Disney’s new logic: what was good for Marvel will be good for Star Wars. The galactic empire that now owns the Galactic Empire is planning to make a trilogy of SW films outside Episodes VII, VIII, and IX, films they’ll plug in between chapters of the tent pole series that will center around different beloved Lucafilm characters. Yoda, Han Solo, and Boba Fett are allegedly in the running for these standalone movies, seemingly safe bets each for compartmentalized adventures (as opposed to your average Ewok who lacks the basic knowledge to pilot a star cruiser off of Endor).
My fear is the Mouse will fall into the Wolverine/Hulk trap where these standalone films underperform and their response is to keep saying “do over!” until people are sick of seeing the chosen characters onscreen. Can you believe Marvel’s thinking about making a third Hulk movie because Ruffalo got so many good notices in Avengers? Never mind audiences practically rioted in the literal sense of the word when they bore witness to the last two Hulk movies. Hey, you know what, movie brain trust? Maybe some of these characters aren’t supposed to sustain an entire production by themselves. Maybe characters like the Hulk and Wolverine and Boba Fett (at least in terms of cinema) should only be ensemble players. Shit, look at “AfterMASH.” No one wanted that much Jamie Farr.
Now, I could be wrong. Maybe the right convergence of talent could give us ninety minutes of Yoda that isn’t wall-to-wall cartoony bullshit like what they made him do in the prequels (he was throwing furniture in that third one—fucking’ furniture! Sheesh!). I’m not holding my breath, though. I’m not even holding my breath for Episode VII. Are we gonna hafta see Chewbacca’s son again? That strikes me as something J.J. might do.
I think it’s fair to have reservations about Walt Disney spending quadruple the amount of Ireland’s annual defense budget for the complete rights to every entity in the Star Wars galaxy. I mean, this is the company that once decided an ewok dressed as Slash was a brilliant idea. To me that doesn’t exactly scream “respect for the source material.” Then again, Lucas himself had chickens wandering around those two mid-eighties ewok movies, and that makes about as much sense as Teebo putting on a top hat and playing air guitar to a Guns n’ Roses song. I guess no one really knows what to do with these characters anymore.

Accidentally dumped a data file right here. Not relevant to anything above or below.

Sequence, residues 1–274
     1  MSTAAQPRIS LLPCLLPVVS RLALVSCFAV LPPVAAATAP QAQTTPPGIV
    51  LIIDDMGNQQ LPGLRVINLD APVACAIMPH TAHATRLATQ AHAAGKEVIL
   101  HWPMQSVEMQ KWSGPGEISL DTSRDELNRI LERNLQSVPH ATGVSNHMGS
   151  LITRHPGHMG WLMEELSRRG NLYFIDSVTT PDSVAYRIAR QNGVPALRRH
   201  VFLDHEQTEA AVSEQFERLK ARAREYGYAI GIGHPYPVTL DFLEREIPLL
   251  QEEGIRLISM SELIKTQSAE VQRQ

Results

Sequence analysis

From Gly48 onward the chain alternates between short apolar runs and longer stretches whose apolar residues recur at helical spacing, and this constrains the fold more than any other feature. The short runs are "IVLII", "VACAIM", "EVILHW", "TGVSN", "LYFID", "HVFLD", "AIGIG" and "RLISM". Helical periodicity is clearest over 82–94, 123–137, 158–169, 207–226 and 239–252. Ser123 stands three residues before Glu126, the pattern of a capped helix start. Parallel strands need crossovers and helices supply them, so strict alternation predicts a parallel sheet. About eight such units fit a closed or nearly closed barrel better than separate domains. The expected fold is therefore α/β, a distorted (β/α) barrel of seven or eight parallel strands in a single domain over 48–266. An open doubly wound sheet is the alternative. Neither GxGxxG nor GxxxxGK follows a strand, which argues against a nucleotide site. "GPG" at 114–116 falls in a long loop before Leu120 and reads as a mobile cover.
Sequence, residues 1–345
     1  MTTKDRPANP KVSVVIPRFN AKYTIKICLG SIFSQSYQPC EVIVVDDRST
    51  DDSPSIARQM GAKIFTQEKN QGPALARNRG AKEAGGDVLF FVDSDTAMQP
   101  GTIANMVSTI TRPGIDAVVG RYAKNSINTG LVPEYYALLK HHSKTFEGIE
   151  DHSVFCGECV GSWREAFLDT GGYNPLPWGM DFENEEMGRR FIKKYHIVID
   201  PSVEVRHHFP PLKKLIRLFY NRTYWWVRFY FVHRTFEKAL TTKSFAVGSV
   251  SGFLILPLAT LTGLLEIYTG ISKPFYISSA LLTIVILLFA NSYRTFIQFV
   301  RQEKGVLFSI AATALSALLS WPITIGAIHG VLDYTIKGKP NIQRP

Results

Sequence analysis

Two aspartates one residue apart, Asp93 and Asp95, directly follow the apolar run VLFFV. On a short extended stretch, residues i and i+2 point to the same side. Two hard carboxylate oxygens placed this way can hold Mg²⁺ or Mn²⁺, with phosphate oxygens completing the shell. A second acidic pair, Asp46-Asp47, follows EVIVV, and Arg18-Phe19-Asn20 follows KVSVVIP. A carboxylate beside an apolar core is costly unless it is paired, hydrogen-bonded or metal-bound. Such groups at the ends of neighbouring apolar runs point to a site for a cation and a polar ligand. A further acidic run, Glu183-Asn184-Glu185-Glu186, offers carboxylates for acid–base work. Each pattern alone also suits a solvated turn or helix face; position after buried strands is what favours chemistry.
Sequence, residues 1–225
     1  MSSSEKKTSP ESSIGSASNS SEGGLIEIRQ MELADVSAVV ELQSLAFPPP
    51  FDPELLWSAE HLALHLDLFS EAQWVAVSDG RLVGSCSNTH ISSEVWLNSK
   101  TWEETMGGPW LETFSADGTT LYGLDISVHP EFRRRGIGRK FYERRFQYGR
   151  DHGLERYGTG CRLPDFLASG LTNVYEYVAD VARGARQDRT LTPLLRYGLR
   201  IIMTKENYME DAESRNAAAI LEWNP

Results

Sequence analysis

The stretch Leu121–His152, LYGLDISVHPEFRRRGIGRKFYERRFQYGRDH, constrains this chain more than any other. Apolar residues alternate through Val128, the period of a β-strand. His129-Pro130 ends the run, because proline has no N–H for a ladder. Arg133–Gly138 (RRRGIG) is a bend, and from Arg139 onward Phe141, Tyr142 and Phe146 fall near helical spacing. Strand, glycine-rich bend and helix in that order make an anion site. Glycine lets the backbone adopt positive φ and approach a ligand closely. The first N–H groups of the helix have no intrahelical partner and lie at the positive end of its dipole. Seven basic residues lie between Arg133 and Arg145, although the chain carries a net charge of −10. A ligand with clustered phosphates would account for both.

People crow about the success Disney’s had with the Marvel brand since swooping it up in 2009, but the truth is Paramount did most of the leg work setting up the long-gestating and now massively popular Avengers—the Mouse just kinda waltzed in later and bought the distribution rights. They haven’t proven themselves there (yet). Also, in the eight years since Disney bought the Muppets they’ve given Henson’s brood dick to do, cramming them into a Wizard of Oz remake and one original theatrical release (2011’s Muppets, an experience that must not have been amazing for human star Jason Segel as he’s already dropped out of the sequel).
Maybe I’m being overprotective of my Luke Skywalkers. It just seems like Walt Disney’s retaining stewardship of several high end brands right now (Marvel, Muppets, Pixar, now Star Wars and Indiana Jones) and I’m concerned about their juggling skills. Of course, who else could afford the Lucasfilm catalog? Wal-Mart? The catch-22 is any film / entertainment company willing to devote all their time and passion to our favorite galactic saga probably doesn’t have pockets that deep. And still, some people are saying Disney underpaid, considering they bought Pixar several years ago for $7 billion. Buzz Lightyear > jawas, obviously.
Of the explosive Episode VII announcement tacked on to the end of this news I’m even more dubious. Lucasfilm has always been resoundingly awful at keeping secrets; if they began seriously considering the start of the next live action trilogy five months ago those of us who keep our ears to the ground probably would have heard rumblings before yesterday. Let’s also note that Disney and Lucas announced their deal—arguably the biggest business news of the past five years—on a day when Wall Street was unexpectedly closed due to disastrous weather. They could have said anything and it wouldn’t have affected stocks one way or the other. Of course, only an idiot would dump their Disney shares as the company suddenly had a stake in the next Star Wars cash cow.
Smells to me like in the final hours before completing the deal Bob Iger said, “Fuck it, we’re gonna announce Episode VII in 2015, maybe for some financial insurance, but mostly for the goddamn ‘wow’ factor,” and Lucas said, “Okay, I guess I’ll start telling people there’s a treatment even though I’ve spent the past zillion years saying I had no interested in Episodes VII–IX.” I could be wrong, certainly. Maybe Lucasfilm really did decide to start hacking out the new trilogy last summer and through divine miracle managed to keep the news in-house. It doesn’t seem likely, though, considering the company’s history amongst rumormongers.
There is a perverse insanity to the fact Disney’s allotted themselves just two years to fully realize the sequel to Return of the Jedi, but I suppose The Phantom Menace proved over-thinking these movies for half a decade can be detrimental. Now we fans get to chew our fingernails off in the interrum waiting to hear plot leaks and who the director is and if Mark Hamill will reprise his role as Tatooine’s favorite son. Just when I thought I was done for good, they pull me back in. Namaste, Disney. Namaste.